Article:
On the move?

Jun 23 2003 by Brian Amble Print This Article

The UK workforce is becoming more mobile, according to new research by internet jobsite reed.co.uk. One in three workers say they are planning to relocate over the next year, with half saying they were more likely to move on than three years ago.

The survey of 6,000 people suggests that many workers are relocating to improve both their career progression and their lifestyle.

For almost half of the respondents to the survey, relocation is inspired by the prospect of earning more money elsewhere. One in five say that changing job location will bring a higher quality of life. One in ten are feeling homesick and are relocating to be nearer friends and family. But only four per cent of workers are relocating because their job requires them to do so.

London is the most popular choice of destination, and if they were to relocate, a third UK workers would move to the capital. As one technician from the North West puts it: "London is still a big dirty city - but that's where the money is."

However, the second highest on the wish list is to move not only out of the UK, but out of Europe altogether, with a quarter of workers seeing an international move as one of their top three options.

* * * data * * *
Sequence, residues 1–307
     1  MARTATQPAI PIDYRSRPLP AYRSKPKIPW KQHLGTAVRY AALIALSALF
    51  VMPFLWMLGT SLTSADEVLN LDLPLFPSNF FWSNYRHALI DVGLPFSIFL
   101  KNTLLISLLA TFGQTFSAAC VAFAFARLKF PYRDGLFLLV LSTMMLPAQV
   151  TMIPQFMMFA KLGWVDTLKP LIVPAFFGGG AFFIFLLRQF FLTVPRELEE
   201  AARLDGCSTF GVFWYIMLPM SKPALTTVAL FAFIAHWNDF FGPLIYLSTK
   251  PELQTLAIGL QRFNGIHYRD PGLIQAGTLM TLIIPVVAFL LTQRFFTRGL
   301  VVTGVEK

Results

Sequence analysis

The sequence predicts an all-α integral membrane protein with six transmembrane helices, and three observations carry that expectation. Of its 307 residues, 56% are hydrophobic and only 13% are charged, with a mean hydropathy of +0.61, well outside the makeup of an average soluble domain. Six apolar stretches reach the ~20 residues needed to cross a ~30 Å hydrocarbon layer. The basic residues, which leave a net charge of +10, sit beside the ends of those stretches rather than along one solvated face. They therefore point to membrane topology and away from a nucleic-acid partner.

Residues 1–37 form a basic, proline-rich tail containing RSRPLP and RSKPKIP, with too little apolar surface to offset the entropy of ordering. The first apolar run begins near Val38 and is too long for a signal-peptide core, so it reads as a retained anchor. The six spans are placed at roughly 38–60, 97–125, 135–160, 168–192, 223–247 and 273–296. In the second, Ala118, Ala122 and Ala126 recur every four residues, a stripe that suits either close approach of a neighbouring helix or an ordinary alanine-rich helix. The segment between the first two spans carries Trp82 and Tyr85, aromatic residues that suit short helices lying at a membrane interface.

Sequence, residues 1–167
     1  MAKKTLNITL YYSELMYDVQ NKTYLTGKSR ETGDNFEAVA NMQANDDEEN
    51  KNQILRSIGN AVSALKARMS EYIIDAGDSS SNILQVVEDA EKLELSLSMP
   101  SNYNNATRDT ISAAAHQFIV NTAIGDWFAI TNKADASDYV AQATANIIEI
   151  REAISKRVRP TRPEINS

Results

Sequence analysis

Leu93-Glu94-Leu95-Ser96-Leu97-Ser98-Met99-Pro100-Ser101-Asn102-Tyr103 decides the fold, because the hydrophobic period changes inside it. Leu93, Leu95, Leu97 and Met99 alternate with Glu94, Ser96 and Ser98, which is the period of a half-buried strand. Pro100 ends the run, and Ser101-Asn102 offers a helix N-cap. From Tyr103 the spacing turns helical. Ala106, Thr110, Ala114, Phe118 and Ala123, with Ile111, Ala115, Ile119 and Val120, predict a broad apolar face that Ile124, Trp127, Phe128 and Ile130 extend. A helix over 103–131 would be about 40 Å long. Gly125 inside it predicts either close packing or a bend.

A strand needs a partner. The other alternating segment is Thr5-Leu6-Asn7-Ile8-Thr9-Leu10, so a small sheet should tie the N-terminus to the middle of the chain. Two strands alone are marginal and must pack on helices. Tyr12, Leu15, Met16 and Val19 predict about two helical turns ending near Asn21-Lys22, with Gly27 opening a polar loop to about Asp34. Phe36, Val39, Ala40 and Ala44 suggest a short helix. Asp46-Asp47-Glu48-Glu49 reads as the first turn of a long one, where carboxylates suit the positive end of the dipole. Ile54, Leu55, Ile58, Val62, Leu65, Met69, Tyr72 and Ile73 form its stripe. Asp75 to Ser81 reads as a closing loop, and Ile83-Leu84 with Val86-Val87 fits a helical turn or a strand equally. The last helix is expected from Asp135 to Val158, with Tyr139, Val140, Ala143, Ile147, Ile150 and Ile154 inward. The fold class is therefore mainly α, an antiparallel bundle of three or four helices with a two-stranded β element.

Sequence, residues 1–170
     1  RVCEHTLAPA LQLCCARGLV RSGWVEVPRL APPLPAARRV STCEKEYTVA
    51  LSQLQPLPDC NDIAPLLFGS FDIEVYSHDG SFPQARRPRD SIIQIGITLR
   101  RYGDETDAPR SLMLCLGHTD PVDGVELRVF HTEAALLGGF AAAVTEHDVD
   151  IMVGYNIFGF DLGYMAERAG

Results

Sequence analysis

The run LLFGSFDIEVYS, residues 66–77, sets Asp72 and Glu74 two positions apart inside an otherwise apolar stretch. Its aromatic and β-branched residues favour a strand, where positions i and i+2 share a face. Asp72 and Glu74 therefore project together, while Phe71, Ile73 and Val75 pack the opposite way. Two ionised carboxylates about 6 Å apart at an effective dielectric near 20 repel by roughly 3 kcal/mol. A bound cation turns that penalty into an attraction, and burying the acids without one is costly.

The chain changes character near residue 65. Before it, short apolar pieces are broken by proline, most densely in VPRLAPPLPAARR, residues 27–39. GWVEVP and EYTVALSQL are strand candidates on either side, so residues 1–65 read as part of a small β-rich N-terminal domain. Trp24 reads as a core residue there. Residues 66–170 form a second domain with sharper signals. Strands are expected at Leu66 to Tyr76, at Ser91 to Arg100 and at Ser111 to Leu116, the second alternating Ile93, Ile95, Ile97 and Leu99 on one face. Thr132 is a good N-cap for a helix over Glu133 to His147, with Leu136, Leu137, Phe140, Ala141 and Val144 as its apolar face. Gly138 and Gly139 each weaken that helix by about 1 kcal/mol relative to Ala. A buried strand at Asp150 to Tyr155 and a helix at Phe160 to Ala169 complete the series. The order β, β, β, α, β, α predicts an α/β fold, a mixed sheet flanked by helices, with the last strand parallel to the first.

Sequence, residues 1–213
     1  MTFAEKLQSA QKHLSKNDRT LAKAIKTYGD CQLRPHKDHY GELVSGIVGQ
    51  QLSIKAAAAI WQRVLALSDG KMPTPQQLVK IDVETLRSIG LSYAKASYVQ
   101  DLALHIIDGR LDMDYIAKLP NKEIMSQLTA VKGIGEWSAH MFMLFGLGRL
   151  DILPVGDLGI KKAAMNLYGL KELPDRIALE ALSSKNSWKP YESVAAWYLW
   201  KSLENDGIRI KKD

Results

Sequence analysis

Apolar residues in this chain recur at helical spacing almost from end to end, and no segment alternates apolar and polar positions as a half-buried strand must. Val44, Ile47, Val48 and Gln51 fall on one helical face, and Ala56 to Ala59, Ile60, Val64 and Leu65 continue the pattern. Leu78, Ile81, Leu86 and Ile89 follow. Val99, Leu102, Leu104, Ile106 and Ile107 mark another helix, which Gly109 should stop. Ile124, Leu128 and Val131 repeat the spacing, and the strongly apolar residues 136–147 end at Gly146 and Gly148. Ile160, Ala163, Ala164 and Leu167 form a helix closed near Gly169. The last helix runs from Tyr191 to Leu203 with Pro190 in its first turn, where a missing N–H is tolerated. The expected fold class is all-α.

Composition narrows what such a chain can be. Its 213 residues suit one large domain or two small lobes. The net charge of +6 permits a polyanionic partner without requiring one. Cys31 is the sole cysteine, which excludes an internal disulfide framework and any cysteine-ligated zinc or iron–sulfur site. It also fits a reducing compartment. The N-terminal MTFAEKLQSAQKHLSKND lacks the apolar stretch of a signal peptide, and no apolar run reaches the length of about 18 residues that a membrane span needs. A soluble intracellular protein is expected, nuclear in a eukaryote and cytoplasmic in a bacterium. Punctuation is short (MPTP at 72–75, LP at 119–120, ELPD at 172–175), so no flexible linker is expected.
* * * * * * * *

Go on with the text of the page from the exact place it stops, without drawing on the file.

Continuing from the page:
But while London is the top destination for relocating workers - especially graduate trainees - the findings suggest that the attraction rapidly wears off.

Forty-three per cent of workers believe that the capital has become less attractive as a place to work, and six out of ten people working in London said they were considering moving out in the next year.

In April 2003, a survey by HR consultancy Chiumento found that three-quarters of workers in the City plan to quit their jobs in the next five years because they are fed up with London's crumbling infrastructure, job insecurity, bad management, financial worries and fear of terrorism.

For senior management, the reed.co.uk poll found that the most popular destination is the South-West of England. A quarter of company directors said they would move there if they had the chance. As one director planning to move out of London said: "The fantastic countryside and good people" of the South-West are more appealing than the City rat race.

Dan Ferrandino, director of recruitment website reed.co.uk, said that the research had uncovered signs of a structural change in the UK workforce.

"Our research shows that graduate trainees migrate to the capital as soon as they can but, by the time they reach senior management, they have become tired of the lifestyle and yearn to escape,Ē he said.

"As more companies move their offices to other areas across the country, workers will follow suit - taking advantage of the lower living costs outside London. I think we will see the UK workforce far more evenly spread in 10 years' time."